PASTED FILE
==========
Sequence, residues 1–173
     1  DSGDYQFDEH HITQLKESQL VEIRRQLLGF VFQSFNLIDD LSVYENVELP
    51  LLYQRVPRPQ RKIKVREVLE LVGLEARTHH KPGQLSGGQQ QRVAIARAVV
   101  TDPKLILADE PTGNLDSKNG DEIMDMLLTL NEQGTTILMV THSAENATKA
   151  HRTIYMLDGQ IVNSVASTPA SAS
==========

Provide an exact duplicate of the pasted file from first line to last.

Sequence, residues 1–173
     1  DSGDYQFDEH HITQLKESQL VEIRRQLLGF VFQSFNLIDD LSVYENVELP
    51  LLYQRVPRPQ RKIKVREVLE LVGLEARTHH KPGQLSGGQQ QRVAIARAVV
   101  TDPKLILADE PTGNLDSKNG DEIMDMLLTL NEQGTTILMV THSAENATKA
   151  HRTIYMLDGQ IVNSVASTPA SAS